Hurricane Beryl causes ‘immense destruction’ in the Caribbean islands.

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  • Hurricane Beryl is the earliest category 4 storm – sustaining winds of at least 130 miles per hour (209 kilometres perhour) – to mark the beginning of the Atlantic hurricane season this year.
  • The National Hurricane Center said “Beryl Becomes a potentially catastrophic Category 5 hurricane In the Eastern Caribbean.
  • The National Hurricane Centre’s advisory has forecasted “life-threatening winds and storm surge” in the Windfall Islands. 
  • Beryl is the strongest storm to impact the Windward Islands since Hurricane Ivan in September 2004.

What are hurricanes? 

  • A hurricane is a type of storm called a tropical cyclone, they are low-pressure systems with organized thunderstorm activity that forms over tropical or subtropical waters. They gain their energy from warm ocean waters.
  • Hurricanes, typhoons, and cyclones are all the same type of storm. In the North Atlantic and central and eastern North Pacific, these storms are called “hurricanes.”
  • A tropical cyclone is a rotating low-pressure weather system that has organized thunderstorms but no fronts (a boundary separating two air masses of different densities).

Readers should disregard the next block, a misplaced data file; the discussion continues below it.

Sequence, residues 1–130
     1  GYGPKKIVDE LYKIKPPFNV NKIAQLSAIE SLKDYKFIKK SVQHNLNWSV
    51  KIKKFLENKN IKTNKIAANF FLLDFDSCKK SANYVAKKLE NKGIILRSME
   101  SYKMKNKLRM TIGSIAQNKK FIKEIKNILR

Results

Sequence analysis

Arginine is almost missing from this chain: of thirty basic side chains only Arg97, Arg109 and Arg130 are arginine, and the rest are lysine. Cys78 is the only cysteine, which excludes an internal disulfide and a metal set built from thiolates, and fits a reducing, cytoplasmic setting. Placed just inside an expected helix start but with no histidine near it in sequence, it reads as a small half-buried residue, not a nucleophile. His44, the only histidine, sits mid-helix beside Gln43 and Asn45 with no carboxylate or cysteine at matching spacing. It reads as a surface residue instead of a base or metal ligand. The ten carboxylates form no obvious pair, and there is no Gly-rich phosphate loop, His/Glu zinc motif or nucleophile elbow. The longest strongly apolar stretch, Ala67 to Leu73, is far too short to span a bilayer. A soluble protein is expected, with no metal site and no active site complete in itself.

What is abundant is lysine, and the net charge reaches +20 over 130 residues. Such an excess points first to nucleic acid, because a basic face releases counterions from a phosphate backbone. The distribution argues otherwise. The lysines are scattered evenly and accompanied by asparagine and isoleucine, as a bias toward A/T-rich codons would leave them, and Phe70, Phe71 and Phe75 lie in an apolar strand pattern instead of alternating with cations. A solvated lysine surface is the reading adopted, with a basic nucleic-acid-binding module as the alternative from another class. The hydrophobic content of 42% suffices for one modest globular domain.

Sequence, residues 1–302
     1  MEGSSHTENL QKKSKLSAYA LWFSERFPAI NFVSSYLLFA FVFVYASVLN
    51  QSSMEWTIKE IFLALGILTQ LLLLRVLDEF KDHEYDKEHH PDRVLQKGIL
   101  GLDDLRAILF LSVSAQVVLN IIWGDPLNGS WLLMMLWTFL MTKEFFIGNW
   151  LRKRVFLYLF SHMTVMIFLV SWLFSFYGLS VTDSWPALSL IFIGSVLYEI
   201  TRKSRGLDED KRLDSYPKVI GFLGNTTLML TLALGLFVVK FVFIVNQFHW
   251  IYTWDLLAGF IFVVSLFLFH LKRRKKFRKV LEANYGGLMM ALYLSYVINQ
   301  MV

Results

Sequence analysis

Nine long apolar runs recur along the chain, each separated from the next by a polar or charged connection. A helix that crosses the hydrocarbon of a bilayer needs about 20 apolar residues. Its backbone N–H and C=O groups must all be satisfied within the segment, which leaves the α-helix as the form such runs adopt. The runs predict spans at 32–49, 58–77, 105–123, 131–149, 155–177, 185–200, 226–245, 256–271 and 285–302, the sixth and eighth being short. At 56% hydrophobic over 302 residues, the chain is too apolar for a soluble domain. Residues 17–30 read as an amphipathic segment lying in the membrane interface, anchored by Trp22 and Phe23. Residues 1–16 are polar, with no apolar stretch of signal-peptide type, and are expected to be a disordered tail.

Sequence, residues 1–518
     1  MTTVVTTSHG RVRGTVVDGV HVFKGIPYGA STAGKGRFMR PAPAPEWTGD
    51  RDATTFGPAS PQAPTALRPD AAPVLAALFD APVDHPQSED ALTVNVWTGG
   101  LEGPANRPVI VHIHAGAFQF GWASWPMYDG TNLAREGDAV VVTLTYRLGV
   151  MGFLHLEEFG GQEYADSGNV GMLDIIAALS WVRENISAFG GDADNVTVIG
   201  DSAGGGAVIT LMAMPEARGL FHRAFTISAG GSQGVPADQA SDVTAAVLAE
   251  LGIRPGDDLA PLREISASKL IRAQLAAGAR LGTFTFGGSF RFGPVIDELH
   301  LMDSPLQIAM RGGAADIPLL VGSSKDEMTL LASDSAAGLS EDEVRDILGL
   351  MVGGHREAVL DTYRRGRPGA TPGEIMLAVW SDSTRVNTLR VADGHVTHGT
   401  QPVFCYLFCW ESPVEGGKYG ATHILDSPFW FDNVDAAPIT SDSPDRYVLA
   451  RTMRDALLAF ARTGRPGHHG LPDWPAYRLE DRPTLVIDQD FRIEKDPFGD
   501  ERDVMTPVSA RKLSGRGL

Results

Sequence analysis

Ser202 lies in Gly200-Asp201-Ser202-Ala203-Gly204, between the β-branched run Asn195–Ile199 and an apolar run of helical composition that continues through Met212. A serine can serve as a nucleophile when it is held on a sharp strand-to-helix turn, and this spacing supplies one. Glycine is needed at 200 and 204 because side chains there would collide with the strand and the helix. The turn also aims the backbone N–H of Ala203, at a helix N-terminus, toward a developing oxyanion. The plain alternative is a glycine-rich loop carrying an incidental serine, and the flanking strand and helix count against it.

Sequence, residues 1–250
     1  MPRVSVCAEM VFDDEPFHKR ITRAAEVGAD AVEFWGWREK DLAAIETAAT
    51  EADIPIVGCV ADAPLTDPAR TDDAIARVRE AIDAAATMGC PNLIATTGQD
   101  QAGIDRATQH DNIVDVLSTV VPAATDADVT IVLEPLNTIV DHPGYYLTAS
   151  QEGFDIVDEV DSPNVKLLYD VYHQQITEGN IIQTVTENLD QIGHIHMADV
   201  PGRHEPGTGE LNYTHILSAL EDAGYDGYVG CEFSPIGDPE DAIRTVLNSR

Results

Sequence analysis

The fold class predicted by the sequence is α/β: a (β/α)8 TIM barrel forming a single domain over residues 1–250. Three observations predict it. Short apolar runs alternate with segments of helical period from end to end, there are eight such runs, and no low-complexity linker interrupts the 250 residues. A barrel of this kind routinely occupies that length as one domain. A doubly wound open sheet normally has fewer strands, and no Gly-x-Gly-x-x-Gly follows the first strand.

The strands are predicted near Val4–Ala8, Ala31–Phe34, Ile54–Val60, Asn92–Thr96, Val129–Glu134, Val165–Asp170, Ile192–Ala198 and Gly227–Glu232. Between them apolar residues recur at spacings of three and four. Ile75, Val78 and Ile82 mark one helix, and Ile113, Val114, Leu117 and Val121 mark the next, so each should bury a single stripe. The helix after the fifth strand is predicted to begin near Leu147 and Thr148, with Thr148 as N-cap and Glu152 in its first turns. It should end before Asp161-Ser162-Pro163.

• The trade winds (which blow from east to west) push the hurricane toward the west—toward the Caribbean, the Gulf of Mexico, or the southeastern coast of the U.S.

How do hurricanes form?

  • When the warm, moist air rises upward from the surface of the ocean, it creates an area of low air pressure below. Air from the surrounding areas rushes to fill this place, eventually rising when it becomes warm and moist too.

Characteristics of the hurricanes. 

  • When wind speeds within such a storm reach 74 mph, it’s classified as a hurricane.
  • The storm is at least 50,000 feet high and around 125 miles across.
  • The eyes of the hurricane are around 5 to 30 miles wide.

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